On paper, at least, Washington Gov. Gary Locke seems to be an ideal choice to deliver the Democrat's rebuttal to the president's State of the Union speech tomorrow: Son of an immigrant grocer. Eagle Scout. Honor student. Graduate of both Yale and Boston University. Even Republicans admit he's an ethically scrupulous politician.
As a governor, Mr. Locke also owns the political authority to tie the financial crises gripping most state and local governments to Bush administration policies, as well as federal-funding cuts. And with many Americans hurting from recession, he will likely argue that President Bush's tax-cut plan is not the right economic fix.
Résumés and political gambits aside, however, Locke's moment in the national eye may well be a make-or-break occasion for the first Chinese-American elected to a governorship. As far as many of his state residents are concerned, the "break" part of the equation already looms large.
Indeed Locke, in his second term, has seemed besieged on practically every political front. He has proposed a number of vastly unpopular spending cuts, and has asked legislators to simply ignore two statewide citizen initiatives. Critics say his approach is behind the times and lacking in creativity.
This has some analysts wondering if Locke's selection to deliver the State of the Union response will prove a stroke of bold Democratic brilliance, or become another gaffe showing the party to be out of touch with the nation's body politic.
"Gary's under pressure here because he has become so namby-pamby," says Py Bateman, an activist who lobbied the Legislature on behalf of women's issues in the 1980s, when Locke represented Seattle's liberal 37th District. "This could be his opportunity to show some of the toughness he used to have."
A poll this month of registered Washington voters found Locke's overall job-approval rating had plunged to an 30 percent. This follows his proposals to balance the state's budget in the face of a $2.4 billion deficit: He would remove 60,000 low-income citizens from the state-sponsored Basic Health Plan, lay off 2,500 state employees, and slash millions from welfare budgets.
The citizen initiatives he's asked legislators to ignore would give cost-of-living raises to teachers and reduce classroom sizes.
His actions seem so shocking to many of his liberal supporters that rumors abound: Some believe his hardball approach must be a ploy to finally force the populace here to accept a much-loathed state income tax. Others insist his own party is fed up and will urge him to step down when his term ends.
Paul Berendt, chair of the Washington State Democratic Party, avers the governor can win reelection in 2004, but concedes that voters today find Locke's style of pragmatic management insufficient. "Now what people want is someone who's a little more radical in their approach to problem-solving."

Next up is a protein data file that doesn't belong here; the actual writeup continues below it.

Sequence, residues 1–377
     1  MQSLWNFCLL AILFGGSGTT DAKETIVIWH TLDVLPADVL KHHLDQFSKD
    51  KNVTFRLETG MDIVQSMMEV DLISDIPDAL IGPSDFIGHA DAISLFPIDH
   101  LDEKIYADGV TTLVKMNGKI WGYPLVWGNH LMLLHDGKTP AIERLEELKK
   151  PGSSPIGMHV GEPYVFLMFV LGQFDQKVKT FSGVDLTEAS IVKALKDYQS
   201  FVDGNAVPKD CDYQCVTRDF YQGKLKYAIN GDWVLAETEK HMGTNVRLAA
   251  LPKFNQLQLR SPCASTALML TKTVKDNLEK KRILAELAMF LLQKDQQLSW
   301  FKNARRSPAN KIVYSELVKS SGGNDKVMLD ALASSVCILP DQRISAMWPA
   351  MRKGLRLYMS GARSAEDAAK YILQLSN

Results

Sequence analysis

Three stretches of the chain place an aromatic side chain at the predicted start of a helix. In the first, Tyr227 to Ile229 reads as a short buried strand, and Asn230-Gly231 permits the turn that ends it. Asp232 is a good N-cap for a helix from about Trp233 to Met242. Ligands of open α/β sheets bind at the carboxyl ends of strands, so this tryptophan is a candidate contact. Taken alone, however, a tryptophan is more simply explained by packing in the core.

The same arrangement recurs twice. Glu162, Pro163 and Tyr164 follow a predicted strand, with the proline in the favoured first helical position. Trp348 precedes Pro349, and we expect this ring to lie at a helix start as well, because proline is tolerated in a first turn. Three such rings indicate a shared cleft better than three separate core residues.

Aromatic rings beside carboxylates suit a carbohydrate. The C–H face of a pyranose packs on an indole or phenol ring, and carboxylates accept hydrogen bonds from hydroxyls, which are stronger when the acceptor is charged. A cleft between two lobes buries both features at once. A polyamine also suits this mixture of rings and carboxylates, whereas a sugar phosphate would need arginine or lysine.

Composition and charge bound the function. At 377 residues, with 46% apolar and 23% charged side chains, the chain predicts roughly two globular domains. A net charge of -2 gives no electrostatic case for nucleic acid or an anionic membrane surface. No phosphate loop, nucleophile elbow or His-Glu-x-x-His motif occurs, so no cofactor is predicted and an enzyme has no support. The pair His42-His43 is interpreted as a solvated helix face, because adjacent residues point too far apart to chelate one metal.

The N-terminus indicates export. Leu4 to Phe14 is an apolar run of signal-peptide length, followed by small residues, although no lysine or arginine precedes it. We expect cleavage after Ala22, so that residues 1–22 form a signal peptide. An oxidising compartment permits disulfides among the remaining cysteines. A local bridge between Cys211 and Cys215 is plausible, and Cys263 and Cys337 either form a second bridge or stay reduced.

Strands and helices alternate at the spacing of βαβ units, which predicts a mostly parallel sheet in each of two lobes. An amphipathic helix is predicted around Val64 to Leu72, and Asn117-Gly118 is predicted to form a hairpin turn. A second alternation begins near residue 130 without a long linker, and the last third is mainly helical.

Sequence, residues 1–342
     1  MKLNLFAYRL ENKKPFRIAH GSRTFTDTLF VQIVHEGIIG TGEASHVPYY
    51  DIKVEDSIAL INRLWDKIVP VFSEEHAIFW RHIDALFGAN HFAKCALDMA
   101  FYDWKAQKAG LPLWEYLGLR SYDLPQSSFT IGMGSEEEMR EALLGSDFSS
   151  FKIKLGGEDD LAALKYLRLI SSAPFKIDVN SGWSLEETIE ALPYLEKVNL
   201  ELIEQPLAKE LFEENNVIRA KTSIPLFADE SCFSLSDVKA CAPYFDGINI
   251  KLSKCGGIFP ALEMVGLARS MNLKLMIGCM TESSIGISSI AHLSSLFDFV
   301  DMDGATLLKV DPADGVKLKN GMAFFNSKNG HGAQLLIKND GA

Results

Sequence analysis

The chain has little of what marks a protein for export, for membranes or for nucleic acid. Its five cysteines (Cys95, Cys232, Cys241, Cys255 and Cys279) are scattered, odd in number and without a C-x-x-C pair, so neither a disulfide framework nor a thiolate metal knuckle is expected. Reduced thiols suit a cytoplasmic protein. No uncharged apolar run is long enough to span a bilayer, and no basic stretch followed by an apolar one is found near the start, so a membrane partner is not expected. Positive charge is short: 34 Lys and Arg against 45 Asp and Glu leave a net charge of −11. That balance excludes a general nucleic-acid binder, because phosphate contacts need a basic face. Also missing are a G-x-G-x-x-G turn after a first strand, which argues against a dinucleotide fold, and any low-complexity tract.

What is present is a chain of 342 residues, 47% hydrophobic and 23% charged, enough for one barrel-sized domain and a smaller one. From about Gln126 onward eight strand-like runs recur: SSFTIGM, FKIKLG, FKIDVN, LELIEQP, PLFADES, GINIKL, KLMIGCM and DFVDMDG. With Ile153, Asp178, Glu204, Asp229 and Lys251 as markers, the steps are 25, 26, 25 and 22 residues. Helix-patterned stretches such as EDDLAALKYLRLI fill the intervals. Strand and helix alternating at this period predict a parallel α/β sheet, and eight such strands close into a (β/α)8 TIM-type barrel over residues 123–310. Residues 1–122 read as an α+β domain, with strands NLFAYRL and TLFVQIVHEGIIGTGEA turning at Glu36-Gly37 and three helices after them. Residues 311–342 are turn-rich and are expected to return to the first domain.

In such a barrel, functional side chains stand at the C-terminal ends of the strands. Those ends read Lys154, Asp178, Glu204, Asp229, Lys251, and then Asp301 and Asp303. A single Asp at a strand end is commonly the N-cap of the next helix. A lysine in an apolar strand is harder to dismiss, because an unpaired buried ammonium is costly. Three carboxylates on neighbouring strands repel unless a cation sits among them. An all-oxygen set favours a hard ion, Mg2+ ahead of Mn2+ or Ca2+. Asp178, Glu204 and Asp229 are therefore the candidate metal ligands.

A scant six years ago, Locke was widely considered a national Democratic darling, a rising star en route to at least a cabinet post, if not a shot at the vice presidency. That was before the technology boom here went bust, before Boeing abandoned Seattle for Chicago (and laid off 30,000 employees), before the state's hefty cash surplus evaporated.
Now, more than 18 months before his next election, the governor already has a respected Democratic opponent, former State Supreme Court Justice Phil Talmadge, whose No. 1 campaign issue is Locke's absent leadership.
His detractors often point to western Washington's transportation crisis - and Locke's failure to craft a solution. Before this past election, the governor placed a pile of his political eggs in a $10 billion statewide ballot basket that would have retooled bottleneck freeways and highways through the region. He campaigned statewide for the measure, and was soundly rejected by the voters.
Many saw it as repudiation of the governor and a grim statement about his inability to inspire support for his vision.
Ms. Bateman, the activist, paints a very different portrait of the young Locke as one who accomplished much and was loath to play both sides of the fence. "Everyone else might waffle. Gary would take on issues and controversial legislation with no pussyfooting around."
Locke, current chair of the Democratic Governors' Association, would be the first Democrat governor to rebut a State of the Union speech. Traditionally, the role is reserved for a member of Congress.
This shift appears to be part of the Democrats' new strategy in the wake of election losses to Republicans last fall. They will also regularly invite governors to provide the party's response to the president's weekly radio address.
Locke has said his rebuttal will be a blend of his own sentiments with those of his party's national leaders. "Given our close proximity to the problems facing the nation," he says, "governors can offer a unique perspective based on real-world experience and everyday sensibilities."
For Locke and his party, a lot rides on Tuesday's message.
"If he comes out strongly and offers a visionary alternative to the president's State of the Union speech," says Bateman, "it could really help turn his image around - not to mention that of his party."